In recent blockbuster films, there has been a notable increase in the number of strong female leads. From Daisy Ridley as Rey in “Star Wars: The Force Awakens,” to Jennifer Lawrence as Katniss Everdeen in “The Hunger Games” series, to Kelly MacDonald as Merida in “Brave,” women have been portrayed as powerful, independent, and complex heroines who are not defined by their boyfriends or their looks. This shift in Hollywood is evidence of the growing feminist movement in America, a positive and long-needed change. The move towards a more equal representation of men and women as leads in movies is a reflection of the progress towards gender equality we have already made, as seen in the growing number of female politicians, business leaders, scientists, athletes, and movie stars over the past decades, yet there is still a vast gap that has yet to close.
In the critically-acclaimed movie, “Star Wars: The Force Awakens,” protagonist Rey breaks the stereotype of female characters in action movies. For years, in all movies, but especially action movies, men have taken the role of engaging in combat and defeating the bad guys. Now, as seen by Rey’s toughness and courage, women are portrayed as heroic instead of delicate and weak. In multiple scenes of the movie, Rey overrides what her fellow male characters have to say and takes things into her own hands. She is able to drive the Millennium Falcon to save herself, BB-8, and Finn from First Order forces, and beats the evil mastermind Kylo Ren in an epic lightsaber battle. Rey’s strength and ability to take control of a situation without the assistance of a male counterpart shows how even record-breaking movie franchises like Star Wars can now feature female leads who are independent.
Similarly, in “The Hunger Games,” Katniss Everdeen uses her signature bow and arrow along with her cunning wit, resilience, and dedication to her family to win the 74th Annual Hunger Games and start a national revolution against the genocidal Capitol government. While she does have an on-screen love interest, fellow tribute Peeta Mellark, she does not depend on him and is clearly able to fight her own battles. The fact that Katniss is able to lead a rebellion more or less single-handedly instead of cowering in the face of the enemy shows just how far female film characters have come.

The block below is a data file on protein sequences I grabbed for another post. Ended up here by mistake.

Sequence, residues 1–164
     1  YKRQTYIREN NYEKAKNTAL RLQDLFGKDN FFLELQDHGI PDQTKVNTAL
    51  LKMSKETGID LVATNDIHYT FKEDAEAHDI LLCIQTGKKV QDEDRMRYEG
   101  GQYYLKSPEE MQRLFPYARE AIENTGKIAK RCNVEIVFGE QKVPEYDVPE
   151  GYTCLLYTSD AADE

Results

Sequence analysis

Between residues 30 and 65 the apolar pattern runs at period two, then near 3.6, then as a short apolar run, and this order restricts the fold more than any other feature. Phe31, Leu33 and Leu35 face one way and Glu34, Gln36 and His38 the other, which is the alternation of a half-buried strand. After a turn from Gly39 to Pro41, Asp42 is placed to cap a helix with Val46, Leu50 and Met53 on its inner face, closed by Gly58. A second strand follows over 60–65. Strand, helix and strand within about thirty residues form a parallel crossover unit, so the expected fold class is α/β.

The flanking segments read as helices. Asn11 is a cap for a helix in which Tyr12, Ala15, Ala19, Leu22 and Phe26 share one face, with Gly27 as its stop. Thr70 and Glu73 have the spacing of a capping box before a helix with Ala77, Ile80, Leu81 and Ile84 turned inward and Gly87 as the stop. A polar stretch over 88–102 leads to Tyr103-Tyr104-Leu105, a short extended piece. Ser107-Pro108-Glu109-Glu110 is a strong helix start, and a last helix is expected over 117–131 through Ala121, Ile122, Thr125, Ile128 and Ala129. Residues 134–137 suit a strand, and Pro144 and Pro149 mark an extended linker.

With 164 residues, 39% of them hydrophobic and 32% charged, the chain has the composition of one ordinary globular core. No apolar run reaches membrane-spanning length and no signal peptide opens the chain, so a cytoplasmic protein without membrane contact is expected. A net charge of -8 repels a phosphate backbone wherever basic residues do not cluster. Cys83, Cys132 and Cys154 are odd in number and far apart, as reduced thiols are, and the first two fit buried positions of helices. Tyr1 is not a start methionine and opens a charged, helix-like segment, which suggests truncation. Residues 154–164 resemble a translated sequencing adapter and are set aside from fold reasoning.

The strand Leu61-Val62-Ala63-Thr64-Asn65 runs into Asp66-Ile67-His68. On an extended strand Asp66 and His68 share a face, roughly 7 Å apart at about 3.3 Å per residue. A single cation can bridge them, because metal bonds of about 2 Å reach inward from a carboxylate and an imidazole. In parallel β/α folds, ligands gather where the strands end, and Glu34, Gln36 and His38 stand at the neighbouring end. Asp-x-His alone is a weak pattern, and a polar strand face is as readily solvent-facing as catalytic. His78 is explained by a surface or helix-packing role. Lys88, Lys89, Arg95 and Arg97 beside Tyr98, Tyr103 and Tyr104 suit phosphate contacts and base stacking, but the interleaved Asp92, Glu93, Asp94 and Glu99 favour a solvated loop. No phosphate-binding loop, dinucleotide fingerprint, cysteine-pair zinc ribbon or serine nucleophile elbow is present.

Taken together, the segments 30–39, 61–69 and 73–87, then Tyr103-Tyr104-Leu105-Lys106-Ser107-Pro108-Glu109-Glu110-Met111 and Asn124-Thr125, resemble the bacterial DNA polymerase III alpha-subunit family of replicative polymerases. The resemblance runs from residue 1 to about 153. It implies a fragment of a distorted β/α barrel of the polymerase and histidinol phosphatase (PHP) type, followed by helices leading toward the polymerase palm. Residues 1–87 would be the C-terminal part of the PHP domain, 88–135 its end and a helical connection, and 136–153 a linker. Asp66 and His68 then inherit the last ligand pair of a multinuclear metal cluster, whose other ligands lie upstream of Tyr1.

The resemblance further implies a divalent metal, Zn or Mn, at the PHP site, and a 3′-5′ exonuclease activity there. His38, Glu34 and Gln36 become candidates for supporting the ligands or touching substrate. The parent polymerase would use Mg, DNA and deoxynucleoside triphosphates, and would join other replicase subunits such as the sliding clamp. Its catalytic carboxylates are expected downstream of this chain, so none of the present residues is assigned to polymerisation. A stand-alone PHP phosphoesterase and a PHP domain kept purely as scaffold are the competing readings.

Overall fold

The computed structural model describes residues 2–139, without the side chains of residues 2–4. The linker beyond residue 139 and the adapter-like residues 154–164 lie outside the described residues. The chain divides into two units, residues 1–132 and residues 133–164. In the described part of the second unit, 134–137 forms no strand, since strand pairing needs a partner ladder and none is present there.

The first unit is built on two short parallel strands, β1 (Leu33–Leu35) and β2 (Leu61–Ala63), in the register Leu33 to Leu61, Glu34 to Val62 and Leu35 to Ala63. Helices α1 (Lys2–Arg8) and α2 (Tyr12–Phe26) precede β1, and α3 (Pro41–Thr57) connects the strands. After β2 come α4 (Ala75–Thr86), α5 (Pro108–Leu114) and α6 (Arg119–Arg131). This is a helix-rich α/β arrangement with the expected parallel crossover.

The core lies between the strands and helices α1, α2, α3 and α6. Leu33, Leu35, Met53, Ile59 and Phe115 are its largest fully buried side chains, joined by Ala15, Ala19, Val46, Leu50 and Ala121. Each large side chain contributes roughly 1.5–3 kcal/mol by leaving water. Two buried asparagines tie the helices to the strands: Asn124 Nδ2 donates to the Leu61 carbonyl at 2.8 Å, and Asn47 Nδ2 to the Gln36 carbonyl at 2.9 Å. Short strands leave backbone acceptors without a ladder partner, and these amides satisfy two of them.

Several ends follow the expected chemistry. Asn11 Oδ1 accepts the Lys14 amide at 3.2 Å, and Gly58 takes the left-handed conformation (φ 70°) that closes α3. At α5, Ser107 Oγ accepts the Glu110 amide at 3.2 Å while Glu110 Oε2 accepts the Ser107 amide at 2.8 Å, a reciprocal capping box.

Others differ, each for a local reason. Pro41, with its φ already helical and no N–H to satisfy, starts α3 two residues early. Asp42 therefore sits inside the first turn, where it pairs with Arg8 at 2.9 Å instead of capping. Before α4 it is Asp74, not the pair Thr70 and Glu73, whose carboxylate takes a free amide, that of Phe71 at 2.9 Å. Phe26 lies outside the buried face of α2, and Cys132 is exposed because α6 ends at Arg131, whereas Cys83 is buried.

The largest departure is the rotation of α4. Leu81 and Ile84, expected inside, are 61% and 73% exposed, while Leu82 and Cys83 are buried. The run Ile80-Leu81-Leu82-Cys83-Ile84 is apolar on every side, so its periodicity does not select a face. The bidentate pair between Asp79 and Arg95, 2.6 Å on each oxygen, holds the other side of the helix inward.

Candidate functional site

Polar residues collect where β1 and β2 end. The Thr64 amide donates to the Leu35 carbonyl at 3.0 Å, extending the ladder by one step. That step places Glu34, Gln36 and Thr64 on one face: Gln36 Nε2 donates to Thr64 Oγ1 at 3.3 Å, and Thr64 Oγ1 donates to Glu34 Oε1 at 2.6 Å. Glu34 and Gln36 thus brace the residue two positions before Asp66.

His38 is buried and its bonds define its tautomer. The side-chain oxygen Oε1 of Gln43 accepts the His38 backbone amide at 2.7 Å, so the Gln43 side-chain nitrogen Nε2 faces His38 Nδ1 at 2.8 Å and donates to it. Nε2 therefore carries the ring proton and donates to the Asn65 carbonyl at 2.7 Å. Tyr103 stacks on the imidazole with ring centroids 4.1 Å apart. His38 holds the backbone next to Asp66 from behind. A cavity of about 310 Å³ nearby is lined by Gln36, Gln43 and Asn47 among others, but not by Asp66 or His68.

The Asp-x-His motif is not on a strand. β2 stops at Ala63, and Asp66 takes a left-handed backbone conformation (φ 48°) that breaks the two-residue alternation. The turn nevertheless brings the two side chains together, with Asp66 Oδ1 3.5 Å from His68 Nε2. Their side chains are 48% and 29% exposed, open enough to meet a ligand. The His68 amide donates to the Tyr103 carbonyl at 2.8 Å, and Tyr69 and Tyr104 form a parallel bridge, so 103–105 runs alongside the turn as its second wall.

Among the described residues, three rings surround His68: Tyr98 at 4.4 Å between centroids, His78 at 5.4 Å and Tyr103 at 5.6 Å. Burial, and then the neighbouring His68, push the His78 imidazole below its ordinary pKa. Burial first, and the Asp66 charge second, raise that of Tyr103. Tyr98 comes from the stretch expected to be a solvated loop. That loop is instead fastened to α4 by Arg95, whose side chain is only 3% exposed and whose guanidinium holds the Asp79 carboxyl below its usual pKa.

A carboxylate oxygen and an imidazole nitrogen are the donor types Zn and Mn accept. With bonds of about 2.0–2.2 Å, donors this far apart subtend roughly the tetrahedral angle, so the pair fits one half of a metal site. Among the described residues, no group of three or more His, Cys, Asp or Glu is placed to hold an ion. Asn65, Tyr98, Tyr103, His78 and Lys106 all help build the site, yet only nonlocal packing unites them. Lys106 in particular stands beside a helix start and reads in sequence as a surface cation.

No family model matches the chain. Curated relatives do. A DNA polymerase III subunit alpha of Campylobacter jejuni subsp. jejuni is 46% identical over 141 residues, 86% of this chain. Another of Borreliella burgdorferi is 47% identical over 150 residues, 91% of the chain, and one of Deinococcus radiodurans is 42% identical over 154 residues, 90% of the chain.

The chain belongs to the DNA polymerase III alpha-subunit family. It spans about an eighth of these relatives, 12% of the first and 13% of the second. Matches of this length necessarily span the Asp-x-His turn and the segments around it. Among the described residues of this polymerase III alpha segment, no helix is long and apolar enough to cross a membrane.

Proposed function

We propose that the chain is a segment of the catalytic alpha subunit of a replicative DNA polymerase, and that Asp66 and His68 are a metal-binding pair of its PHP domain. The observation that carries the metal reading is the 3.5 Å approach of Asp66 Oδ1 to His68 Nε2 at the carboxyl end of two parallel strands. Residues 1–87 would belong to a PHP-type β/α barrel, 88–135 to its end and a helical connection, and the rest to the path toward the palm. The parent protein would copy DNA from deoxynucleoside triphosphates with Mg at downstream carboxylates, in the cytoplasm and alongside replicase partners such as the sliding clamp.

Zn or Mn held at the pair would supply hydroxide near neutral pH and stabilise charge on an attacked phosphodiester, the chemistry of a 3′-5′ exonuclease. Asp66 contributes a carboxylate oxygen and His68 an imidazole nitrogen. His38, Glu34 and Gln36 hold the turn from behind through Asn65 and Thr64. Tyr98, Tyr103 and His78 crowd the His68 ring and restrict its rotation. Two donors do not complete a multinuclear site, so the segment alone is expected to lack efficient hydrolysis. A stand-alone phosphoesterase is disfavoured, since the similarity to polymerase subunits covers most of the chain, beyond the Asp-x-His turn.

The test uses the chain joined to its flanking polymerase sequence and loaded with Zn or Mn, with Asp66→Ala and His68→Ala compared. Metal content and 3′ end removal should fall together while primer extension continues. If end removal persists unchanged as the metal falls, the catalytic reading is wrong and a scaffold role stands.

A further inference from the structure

Disney’s “Brave” tells the story of a princess like no other; Merida makes it clear that she won’t conform to a stereotype when she exhibits her desire to choose her own fate. She refuses to agree to a traditional arranged marriage, causing a succession of dramatic events involving her bow and arrow, her mother turning into a bear, and a witch. Merida is arguably the most progressive, feminist Disney princess of all time– she shows her emotions not through uncontrollable lust for a man but through the relationship between her and her mother. Merida portrays women as fearless, self-reliant, and courageous, and her role as a strong princess appeals to children of younger generations as well as older ones.
Women have been crammed into diminishing constraints since the beginning of time. The recent change in Hollywood moves away from showing women as weak and over-emotional, and towards a portrayal of women as complex, deep characters with not only a capability for emotion, but also a capability of strength and heroism. This shift spans across the film interest of people from all generations: from children who watch “Brave” to adults who marvel over “Star Wars”. The gradual emergence of strong female leads is certainly proof of the break of a barrier, but it also begs the question: What took so long?